Manufacturing Business Technology
1 March 2023

Remote revolution puts strain on strapped IT resources

Heightened use of mobile devices actually results in an unexpected burden on IT support staffs, when it comes to service. IT departments already low on resources are expected to support the mobile workforce in a timely way. Now it seems the strain is translating into business disruption and lost revenue, as seen in two studies released in December.

In a Business Performance Management (BPM) Forum study, The Remote Revolution: Uptime Issues, Implications and Imperatives in the Mobile Workforce , 86 percent of respondents say their IT departments are under pressure to support mobile and remote workers, while 41 percent say they’ve suffered business disruptions due to delays in accessing live help.

BPM Forum says it provides both research and expertise on strategy, and proven methods for a host of critical enterprise issues to member companies.

"The biggest surprise in our study is the disconnect between the expectations of growth of the mobile workforce and the lack of planning of a comprehensive strategy for managing the growth," says Chris Kenton, senior VP of BPM Forum, and author of the report. "Every new mobile worker represents not an incremental but an exponential increase in the strain on IT, as every worker carries multiple devices. The growth in mobile devices is creating markets for new applications, each with new requirements for connectivity and support."

Executives need to plan for this growth, Kenton stresses. "They need a strategy to address the pattern of growth, understanding the ramifications in terms of security and uptime performance. Typically the support policies are ad hoc."

In a second study, Working to Communicate Better in Business -this one by telecom services provider Avaya -more than half of mobile end users say they’ve missed meetings, customer inquiries, or leads due to lost communication. More than one-third say missed communication directly resulted in lost revenues or additional costs.

Avaya focused on the global end user experience for its report. "We have many different ways to communicate, but they are not necessarily helping us connect more," says Lawrence Byrd, director of IT telephony and mobility for Avaya. "You have a pager, a mobile phone, an office number, a wireless laptop. But there’s a failure of the technology to work together. We miss each other not knowing which device to use."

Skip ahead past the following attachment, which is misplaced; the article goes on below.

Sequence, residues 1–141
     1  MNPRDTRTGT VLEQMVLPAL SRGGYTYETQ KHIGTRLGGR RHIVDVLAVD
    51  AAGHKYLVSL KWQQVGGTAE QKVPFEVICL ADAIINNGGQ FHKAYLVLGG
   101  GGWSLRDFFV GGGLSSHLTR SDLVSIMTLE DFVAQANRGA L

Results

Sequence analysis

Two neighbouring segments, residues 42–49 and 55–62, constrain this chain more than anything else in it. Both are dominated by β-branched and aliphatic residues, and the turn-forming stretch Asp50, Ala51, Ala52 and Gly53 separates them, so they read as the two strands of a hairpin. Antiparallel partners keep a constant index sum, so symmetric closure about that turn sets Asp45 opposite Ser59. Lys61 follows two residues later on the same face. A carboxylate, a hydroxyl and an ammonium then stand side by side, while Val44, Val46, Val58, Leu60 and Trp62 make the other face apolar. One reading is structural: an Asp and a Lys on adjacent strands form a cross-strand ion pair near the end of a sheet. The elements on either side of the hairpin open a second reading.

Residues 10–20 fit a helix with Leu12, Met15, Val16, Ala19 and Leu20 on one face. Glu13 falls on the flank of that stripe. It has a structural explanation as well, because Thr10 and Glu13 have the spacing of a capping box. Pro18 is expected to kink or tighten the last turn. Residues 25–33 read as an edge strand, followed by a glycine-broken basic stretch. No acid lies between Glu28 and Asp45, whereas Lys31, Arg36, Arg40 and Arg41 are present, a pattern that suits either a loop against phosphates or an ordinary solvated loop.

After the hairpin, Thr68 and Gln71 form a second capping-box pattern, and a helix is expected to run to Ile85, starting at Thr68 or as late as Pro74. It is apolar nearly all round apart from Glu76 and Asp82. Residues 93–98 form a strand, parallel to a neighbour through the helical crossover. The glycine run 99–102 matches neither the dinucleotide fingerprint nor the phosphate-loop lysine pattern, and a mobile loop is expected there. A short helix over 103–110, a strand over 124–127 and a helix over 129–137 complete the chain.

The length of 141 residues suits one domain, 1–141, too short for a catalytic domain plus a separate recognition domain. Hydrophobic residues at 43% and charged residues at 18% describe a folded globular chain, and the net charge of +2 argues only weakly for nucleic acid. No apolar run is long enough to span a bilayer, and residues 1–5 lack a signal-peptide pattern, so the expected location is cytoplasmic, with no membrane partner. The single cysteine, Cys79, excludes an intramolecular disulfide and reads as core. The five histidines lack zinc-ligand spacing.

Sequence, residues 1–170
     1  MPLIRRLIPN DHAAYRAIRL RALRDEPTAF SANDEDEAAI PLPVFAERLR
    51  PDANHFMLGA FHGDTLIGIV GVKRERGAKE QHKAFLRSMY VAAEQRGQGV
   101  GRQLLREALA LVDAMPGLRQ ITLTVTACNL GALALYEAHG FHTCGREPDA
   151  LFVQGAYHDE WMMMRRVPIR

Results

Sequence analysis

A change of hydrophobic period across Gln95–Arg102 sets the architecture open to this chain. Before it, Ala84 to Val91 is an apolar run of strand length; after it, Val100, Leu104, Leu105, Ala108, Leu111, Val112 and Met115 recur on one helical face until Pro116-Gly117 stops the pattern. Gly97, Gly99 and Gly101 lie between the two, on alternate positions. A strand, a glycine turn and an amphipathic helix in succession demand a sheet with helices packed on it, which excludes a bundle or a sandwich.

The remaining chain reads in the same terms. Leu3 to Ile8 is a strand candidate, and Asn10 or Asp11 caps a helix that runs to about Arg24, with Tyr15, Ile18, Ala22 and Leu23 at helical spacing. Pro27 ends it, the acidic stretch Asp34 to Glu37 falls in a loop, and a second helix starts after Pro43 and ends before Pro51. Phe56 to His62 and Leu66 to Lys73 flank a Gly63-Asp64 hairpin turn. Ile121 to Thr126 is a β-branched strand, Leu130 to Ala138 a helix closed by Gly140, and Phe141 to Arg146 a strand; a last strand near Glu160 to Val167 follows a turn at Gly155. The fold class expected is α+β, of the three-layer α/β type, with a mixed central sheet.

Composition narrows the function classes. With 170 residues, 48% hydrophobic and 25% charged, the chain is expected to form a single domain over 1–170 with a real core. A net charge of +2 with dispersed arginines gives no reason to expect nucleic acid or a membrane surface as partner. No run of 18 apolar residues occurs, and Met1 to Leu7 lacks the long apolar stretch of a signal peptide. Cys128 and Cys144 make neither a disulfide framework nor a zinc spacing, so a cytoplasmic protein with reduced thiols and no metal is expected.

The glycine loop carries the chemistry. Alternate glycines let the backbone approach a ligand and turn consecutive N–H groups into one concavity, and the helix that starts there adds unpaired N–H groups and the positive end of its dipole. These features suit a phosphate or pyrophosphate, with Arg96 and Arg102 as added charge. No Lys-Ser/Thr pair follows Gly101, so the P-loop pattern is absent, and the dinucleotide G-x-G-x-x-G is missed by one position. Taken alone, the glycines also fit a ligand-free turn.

What’s needed, Byrd adds, is integration.

"We need to distinguish between the road warriors who need a lot of things, and the teleworkers, who are remote, but fixed when they’re working. And then there are the campus nomads, wandering facilities and warehouses. This is where we see a lot of Wi-Fi," says Byrd. "It’s more expensive to respond haphazardly than to have a plan. It can all be managed-if you have a strategy."

Regional differences in remote device usage were highlighted in telecom services provider Avaya ‘s recent study, Working to Communicate Better in Business . Among the more interesting findings:

U.S. workers carry the highest number of devices on average, with 36 percent carrying three or more, and 7 percent carrying more than four.

Russians workers carry the least-on average, nearly half carry only one.

Russia and Germany were the only countries where all office workers carried at least one device.

Australia rated customer satisfaction highest as the rationale for mobile communications (57 percent); while Russia rated it least (31 percent).

Reducing time at the desk was ranked highest as the rationale in Russia (42 percent), and lowest in Brazil (27 percent).

Nearly four times as many Russian managers (41 percent) distrust telecommuting workers than U.S. managers (11 percent).